Corn Rootworms Get Juiced
Corn rootworm larva.
Corn rootworms account for more pesticide use on row crops than any other
insect pest in the United States.
Farmers apply pesticides, often as a preventive measure, to between 30 and
40 million acres annually. The insect costs corn farmers about $1 billion a
year in control measures and lost crops.
Now, Agricultural Research Service
scientists from two laboratories at the Beltsville (Maryland) Agricultural
Research Center have concocted a mix that turns the insects' gluttony against
them. The new potion combines a red dye--proven safe for people and animals but
deadly to insects--with the juice from a bitter, mutant watermelon.
While the bitter watermelon juice would gag most human palates, "it
tastes like a hot fudge sundae to rootworms," says Albert DeMilo, who is
now retired from the ARS Insect Chemical Ecology Laboratory. "The insects
gorge on it, taking in plenty of the deadly red dye at the same time."
DeMilo, former postdoctoral fellow Chang-Joo Lee, and Robert Schroder, an
entomologist with the ARS Insect Biocontrol Laboratory, identified the
watermelon ingredient--cucurbitacin E-glycoside--that rings the rootworm's
internal dinner bell. Now they have developed a process for extracting the
juice, which is also a perfect solvent for the lethal dye, DeMilo says. When
formulated, the juice-dye mix sprays uniformly and penetrates to the core of
corn plants, where the adult rootworm beetles hang out.
Farmers normally apply pesticides to the soil to kill the larvae, says
Schroder. But these pesticides can pollute groundwater and surface streams. By
contrast, the watermelon-dye combo zeros in on the adult stage of the insect
and helps to break the reproductive cycle so next year's population is lower.
And it's safe.
The dye, phloxine B, is approved by the Food and Drug Administration as
D&C Red #28 for use in drugs and cosmetics. It's also in the registration
process for controlling fruit flies.
Sunlight activates the dye inside the insects, where it forms a potent
oxidizing agent that attacks their tissues, DeMilo explains. It doesn't take
long before they die. [For more on dye as an insecticide, see "Red Dye,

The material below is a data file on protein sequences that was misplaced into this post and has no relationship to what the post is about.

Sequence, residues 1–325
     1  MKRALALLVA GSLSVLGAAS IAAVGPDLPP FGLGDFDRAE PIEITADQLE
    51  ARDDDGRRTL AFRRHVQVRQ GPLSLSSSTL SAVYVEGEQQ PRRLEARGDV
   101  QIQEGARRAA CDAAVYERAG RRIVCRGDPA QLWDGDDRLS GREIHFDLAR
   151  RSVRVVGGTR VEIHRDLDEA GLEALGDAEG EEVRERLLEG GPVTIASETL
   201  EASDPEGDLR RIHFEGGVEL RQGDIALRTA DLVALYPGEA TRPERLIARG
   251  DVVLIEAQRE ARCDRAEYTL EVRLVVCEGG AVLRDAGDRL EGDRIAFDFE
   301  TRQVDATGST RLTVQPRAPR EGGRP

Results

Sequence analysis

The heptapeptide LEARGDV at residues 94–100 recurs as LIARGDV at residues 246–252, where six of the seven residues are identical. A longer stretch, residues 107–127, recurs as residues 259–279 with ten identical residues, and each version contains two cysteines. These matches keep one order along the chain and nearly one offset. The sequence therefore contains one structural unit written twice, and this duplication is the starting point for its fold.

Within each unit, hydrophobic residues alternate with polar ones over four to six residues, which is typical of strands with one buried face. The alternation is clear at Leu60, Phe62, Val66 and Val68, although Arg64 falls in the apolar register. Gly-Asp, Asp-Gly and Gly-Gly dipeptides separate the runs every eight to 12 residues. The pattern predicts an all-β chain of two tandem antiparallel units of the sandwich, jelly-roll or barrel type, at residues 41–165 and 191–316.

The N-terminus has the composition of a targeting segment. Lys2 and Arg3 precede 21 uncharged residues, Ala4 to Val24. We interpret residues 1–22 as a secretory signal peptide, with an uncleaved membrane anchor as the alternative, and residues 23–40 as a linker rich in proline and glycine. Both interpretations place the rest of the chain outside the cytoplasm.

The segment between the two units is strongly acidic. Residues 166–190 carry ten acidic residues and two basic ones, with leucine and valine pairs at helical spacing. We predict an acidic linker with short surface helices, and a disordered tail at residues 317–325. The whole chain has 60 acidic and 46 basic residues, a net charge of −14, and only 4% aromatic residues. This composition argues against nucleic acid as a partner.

Updated Traps," Agricultural Research, January 1996, p. 20.]
The new potion held its own against a promising bait-pesticide combo called
SLAM that was developed by industry and ARS researchers in Brookings, South
Dakota. SLAM is expected to cut the quantity of pesticide used for corn
rootworm control by more than 90 percent. [See "Corn Belt Growers Give
Areawide IPM a Try," Agricultural Research, October 1997, p. 5.]
But it's good to have a backup, says Schroder, because insects are notable for
developing pesticide resistance.
In a preliminary field test at the Brookings laboratory last summer, the
watermelon-dye combo actually killed 25 percent more rootworms than SLAM on the
first day of application and equaled SLAM's kill rate after 4 days. A larger
field test is planned for this summer.
DeMilo, Schroder, and Lee applied for a patent on the watermelon-dye combo.
PhotoDye International of Baltimore, Maryland, has signed a cooperative
research and development agreement with ARS, giving the company right of first
refusal to license the patent. Other companies have also expressed interest,
Schroder says.--By Judy
McBride, Agricultural Research Service Information Staff, 6303 Ivy
Lane, Greenbelt, Maryland 20770, phone (301) 344-2861.
Robert F. W. Schroder is at
the USDA-ARS Insect
Biocontrol Laboratory, Bldg. 306, 10300 Baltimore Ave., Beltsville, MD
20705-2350; phone 301-504-8369, fax 301-504-8190.
"Corn Rootworms Get Juiced " was published in the May 1998
issue of Agricultural Research magazine. Click here to see this
issue's table of contents.